To serve as co-justiciar with Longchamp, Richard named the Bishop of Durham, Hugh of Le Puiset; and three others, William Marshal, Hugh Bardolf, and William Briwerre, were named associate justiciars. Richard is not known as being a capable administrator and he failed to delineate the specific authority of these men, which led to major upheaval in 1190-91.
For the sum of £3000, Richard named Longchamp chancellor and asked the Pope to make him papal legate to England. To his contemporaries, William Longchamp became “a man with three titles and three heads,” exercising power as justiciar, chancellor, and papal legate. His critics claim he was greedy, ambitious, and unscrupulous and he eyed co-justiciar Le Puiset’s authority with envy. Longchamp did not know the language, did not adapt to English customs, and “openly professed his contempt for the English.” The author of a biography of the gentle Bishop Hugh of Lincoln writes that Richard “left behind a little lame, black foreigner, Longchamp…who had been adviser, schemer, general brain box and jackal to Lion-heart.” Perhaps Richard did not know Longchamp as well as he thought.
Contemporary sources note that Longchamp was short, had a limp, and “possessed the face of a dog.” It did not take the chancellor long to alienate his co-justiciars or the English barons after Richard left England behind. The chronicler Roger de Hoveden writes “the said bishop of Ely, legate of the Apostolic See, chancellor of our lord the king, and justiciary of England, oppressed the clergy and the people, confounding right and wrong; nor was there a person in the kingdom who dared to offer resistance to his authority, even in word.” The chancellor deposed Le Puiset, had him arrested and forcibly taken to London. He appointed numerous relatives to high positions, removed sheriffs and castellans, and suspended clergy.
For a very brief period it appeared that Longchamp and John might come to a peaceful coexistence after John secured word that the chancellor would support him as heir should Richard not return from the crusade. But Longchamp made a fatal error, taking action against Richard’s half-brother Geoffrey, the archbishop of York, when he landed at Dover.
Longchamp attempted to flee and, according to one of his enemies, Bishop Hugh of Nonant, he was caught trying to board a boat in Dover dressed as a woman. De Hoveden writes that “He chose to hasten on foot from the heights of the castle down to the sea-shore, clothed in in a woman’s green gown of enormous length instead of the priest’s gown of azure colour… a hood on his head instead of mitre… [he] became so effeminate in mind… Having seated himself on the shore upon a rock, a fisherman, who immediately took him for a common woman, came up to him; and having come nearly naked up from the sea, perhaps wishing to be made warm, he ran up to the wretch, and embracing his neck … began pulling him about, upon which he discovered that he was a man.”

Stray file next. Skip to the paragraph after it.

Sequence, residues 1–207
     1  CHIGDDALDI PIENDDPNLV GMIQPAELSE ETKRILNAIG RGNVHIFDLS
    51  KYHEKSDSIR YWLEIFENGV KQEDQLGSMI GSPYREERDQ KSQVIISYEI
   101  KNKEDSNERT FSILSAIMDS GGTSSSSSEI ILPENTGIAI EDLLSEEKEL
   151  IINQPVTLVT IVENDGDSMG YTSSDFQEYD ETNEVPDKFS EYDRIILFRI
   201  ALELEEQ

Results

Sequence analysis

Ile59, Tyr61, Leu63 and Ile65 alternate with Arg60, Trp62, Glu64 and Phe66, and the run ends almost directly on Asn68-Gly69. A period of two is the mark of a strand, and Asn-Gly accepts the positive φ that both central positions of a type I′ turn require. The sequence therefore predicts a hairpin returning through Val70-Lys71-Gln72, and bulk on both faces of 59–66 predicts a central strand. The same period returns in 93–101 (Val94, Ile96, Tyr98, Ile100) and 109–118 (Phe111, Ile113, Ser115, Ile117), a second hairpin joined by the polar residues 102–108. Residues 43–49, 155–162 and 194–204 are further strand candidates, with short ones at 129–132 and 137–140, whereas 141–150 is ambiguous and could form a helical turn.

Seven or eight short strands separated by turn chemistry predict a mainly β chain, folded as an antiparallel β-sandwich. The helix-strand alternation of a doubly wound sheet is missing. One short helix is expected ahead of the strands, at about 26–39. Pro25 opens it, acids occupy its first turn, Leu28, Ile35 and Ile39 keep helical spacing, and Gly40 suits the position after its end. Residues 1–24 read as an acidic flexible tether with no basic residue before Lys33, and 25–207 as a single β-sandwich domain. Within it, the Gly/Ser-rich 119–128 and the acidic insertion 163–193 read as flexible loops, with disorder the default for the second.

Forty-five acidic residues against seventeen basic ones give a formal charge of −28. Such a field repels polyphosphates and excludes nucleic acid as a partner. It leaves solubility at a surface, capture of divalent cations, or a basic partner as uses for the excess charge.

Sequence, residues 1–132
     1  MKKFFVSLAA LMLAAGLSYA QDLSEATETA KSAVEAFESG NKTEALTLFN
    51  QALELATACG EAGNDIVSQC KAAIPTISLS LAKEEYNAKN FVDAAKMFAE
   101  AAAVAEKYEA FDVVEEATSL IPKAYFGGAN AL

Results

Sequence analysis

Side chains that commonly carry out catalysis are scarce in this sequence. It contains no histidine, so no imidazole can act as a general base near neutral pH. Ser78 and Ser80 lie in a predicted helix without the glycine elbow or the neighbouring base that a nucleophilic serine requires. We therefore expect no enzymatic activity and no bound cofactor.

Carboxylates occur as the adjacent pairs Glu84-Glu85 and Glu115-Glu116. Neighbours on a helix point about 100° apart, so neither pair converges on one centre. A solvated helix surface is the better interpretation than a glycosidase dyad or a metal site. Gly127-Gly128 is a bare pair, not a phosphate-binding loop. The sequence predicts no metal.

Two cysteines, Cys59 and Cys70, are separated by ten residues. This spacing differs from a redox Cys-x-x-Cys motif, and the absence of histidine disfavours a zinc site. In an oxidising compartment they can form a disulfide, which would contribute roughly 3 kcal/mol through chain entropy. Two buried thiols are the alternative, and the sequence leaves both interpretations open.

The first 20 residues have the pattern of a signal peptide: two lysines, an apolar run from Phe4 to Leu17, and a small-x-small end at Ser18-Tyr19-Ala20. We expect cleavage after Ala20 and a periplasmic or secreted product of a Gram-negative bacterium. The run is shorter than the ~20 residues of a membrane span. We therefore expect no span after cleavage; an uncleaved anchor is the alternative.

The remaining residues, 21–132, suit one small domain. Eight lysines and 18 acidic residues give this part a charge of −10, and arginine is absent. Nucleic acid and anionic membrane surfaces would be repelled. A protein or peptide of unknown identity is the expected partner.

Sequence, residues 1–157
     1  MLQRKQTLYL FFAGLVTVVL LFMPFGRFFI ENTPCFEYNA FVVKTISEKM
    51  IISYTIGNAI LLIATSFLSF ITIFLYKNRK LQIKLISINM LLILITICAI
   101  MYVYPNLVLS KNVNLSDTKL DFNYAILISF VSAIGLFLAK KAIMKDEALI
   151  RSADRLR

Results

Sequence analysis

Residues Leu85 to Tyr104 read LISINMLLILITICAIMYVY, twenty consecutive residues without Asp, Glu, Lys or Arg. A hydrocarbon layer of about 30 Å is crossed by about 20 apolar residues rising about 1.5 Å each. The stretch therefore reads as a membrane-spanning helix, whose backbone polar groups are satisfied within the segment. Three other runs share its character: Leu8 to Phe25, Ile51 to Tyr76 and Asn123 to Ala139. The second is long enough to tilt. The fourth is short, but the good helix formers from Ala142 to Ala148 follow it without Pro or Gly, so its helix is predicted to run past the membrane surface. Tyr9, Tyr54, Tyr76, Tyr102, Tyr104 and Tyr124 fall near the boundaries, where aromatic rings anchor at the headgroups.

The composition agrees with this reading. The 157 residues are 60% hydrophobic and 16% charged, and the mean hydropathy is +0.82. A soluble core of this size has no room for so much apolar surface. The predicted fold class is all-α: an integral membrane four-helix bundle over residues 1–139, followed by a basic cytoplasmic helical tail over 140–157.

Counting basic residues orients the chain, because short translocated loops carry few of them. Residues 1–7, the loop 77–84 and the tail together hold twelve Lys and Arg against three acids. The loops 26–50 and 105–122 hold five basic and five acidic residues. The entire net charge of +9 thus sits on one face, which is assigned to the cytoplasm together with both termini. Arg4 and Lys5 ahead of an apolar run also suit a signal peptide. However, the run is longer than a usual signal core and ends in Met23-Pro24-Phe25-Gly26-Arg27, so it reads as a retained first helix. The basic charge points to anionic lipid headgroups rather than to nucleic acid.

Incarcerated for several days, Longchamp was released and sailed to Flanders at the end of October 1191. Armed with a message from the Pope, he landed at Dover the following year and attempted to be reinstated to his former position, but was ordered by Queen Eleanor and the justiciars to leave the country.
When word of Richard’s imprisonment became public knowledge in 1193, Longchamp ended up at the king’s side in Germany, negotiating for terms with the Holy Roman Emperor Henry VI. He delivered information to the justiciars in England about the ransom agreed to by the king, bringing Richard’s instructions about collection and delivery of the money. Richard sent him to negotiate with King Philip and later with John. Longchamp was with the king when he released from captivity in Mainz in February 1194, and returned to England with him.
Longchamp continued to serve Richard on numerous diplomatic missions to Germany and France. His last task for the king was to go to Rome and ask the Pope to lift an interdict the Archbishop of Rouen had placed on Richard. Longchamp fell ill on the journey and died in January 1197.
Richard being anointed during his coronation. by Unknown. - A 13th-century chronicle. Public Domain, https://commons.wikimedia.org/w/index.php?curid=15543148
Gate at Lincoln Castle. by Rodhullandemu - Own work, CC BY-SA 3.0, https://commons.wikimedia.org/w/index.php?curid=5143923
Dover Castle. by Misterzee - Own work, CC BY 3.0, https://commons.wikimedia.org/w/index.php?curid=4999617
Appleby, J.T. (1965). England Without Richard. Ithaca : Cornell University Press.
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Marson, Charles L. (1901). Hugh, Bishop of Lincoln: a short story of one of the makers of Medieval England. London : Edward Arnold.
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Turner, R.V. (2009). King John: England’s Evil King? Stroud, Gloucestershire : The History Press.
Turner, R.V. “Longchamp, William de (d. 1197)”, Oxford Dictionary of National Biography, Oxford University Press, 2004; online edn, May 2007 [http://www.oxforddnb.com/view/article/16980, accessed 24 April 2016]
About the Author
English Historical Fiction Authors. Charlene lives, works, and writes in Kansas. She is an academic librarian by trade, a former U.S. Navy veteran, and has three grown children.
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